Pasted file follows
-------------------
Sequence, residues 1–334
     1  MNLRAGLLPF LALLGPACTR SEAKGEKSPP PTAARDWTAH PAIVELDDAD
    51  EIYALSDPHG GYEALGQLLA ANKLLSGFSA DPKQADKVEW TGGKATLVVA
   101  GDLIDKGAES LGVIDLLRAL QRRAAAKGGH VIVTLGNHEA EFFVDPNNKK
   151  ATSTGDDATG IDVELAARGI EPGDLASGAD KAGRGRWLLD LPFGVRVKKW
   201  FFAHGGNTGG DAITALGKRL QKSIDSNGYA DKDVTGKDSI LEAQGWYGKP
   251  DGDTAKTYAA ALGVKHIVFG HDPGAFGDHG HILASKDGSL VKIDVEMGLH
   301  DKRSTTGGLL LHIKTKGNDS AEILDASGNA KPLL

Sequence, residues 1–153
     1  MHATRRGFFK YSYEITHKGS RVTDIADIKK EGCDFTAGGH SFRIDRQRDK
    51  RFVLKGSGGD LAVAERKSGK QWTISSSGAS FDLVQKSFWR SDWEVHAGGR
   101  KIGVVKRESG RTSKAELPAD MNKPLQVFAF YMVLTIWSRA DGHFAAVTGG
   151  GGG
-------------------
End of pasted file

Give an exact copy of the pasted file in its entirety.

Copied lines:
Sequence, residues 1–334
     1  MNLRAGLLPF LALLGPACTR SEAKGEKSPP PTAARDWTAH PAIVELDDAD
    51  EIYALSDPHG GYEALGQLLA ANKLLSGFSA DPKQADKVEW TGGKATLVVA
   101  GDLIDKGAES LGVIDLLRAL QRRAAAKGGH VIVTLGNHEA EFFVDPNNKK
   151  ATSTGDDATG IDVELAARGI EPGDLASGAD KAGRGRWLLD LPFGVRVKKW
   201  FFAHGGNTGG DAITALGKRL QKSIDSNGYA DKDVTGKDSI LEAQGWYGKP
   251  DGDTAKTYAA ALGVKHIVFG HDPGAFGDHG HILASKDGSL VKIDVEMGLH
   301  DKRSTTGGLL LHIKTKGNDS AEILDASGNA KPLL

Sequence, residues 1–153
     1  MHATRRGFFK YSYEITHKGS RVTDIADIKK EGCDFTAGGH SFRIDRQRDK
    51  RFVLKGSGGD LAVAERKSGK QWTISSSGAS FDLVQKSFWR SDWEVHAGGR
   101  KIGVVKRESG RTSKAELPAD MNKPLQVFAF YMVLTIWSRA DGHFAAVTGG
   151  GGG